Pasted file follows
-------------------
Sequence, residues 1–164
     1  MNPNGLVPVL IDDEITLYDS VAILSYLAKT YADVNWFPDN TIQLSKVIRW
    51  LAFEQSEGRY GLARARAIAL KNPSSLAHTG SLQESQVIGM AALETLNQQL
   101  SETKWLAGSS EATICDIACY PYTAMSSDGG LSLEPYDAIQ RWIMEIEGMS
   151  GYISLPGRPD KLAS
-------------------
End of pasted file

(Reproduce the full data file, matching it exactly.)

Sequence, residues 1–164
     1  MNPNGLVPVL IDDEITLYDS VAILSYLAKT YADVNWFPDN TIQLSKVIRW
    51  LAFEQSEGRY GLARARAIAL KNPSSLAHTG SLQESQVIGM AALETLNQQL
   101  SETKWLAGSS EATICDIACY PYTAMSSDGG LSLEPYDAIQ RWIMEIEGMS
   151  GYISLPGRPD KLAS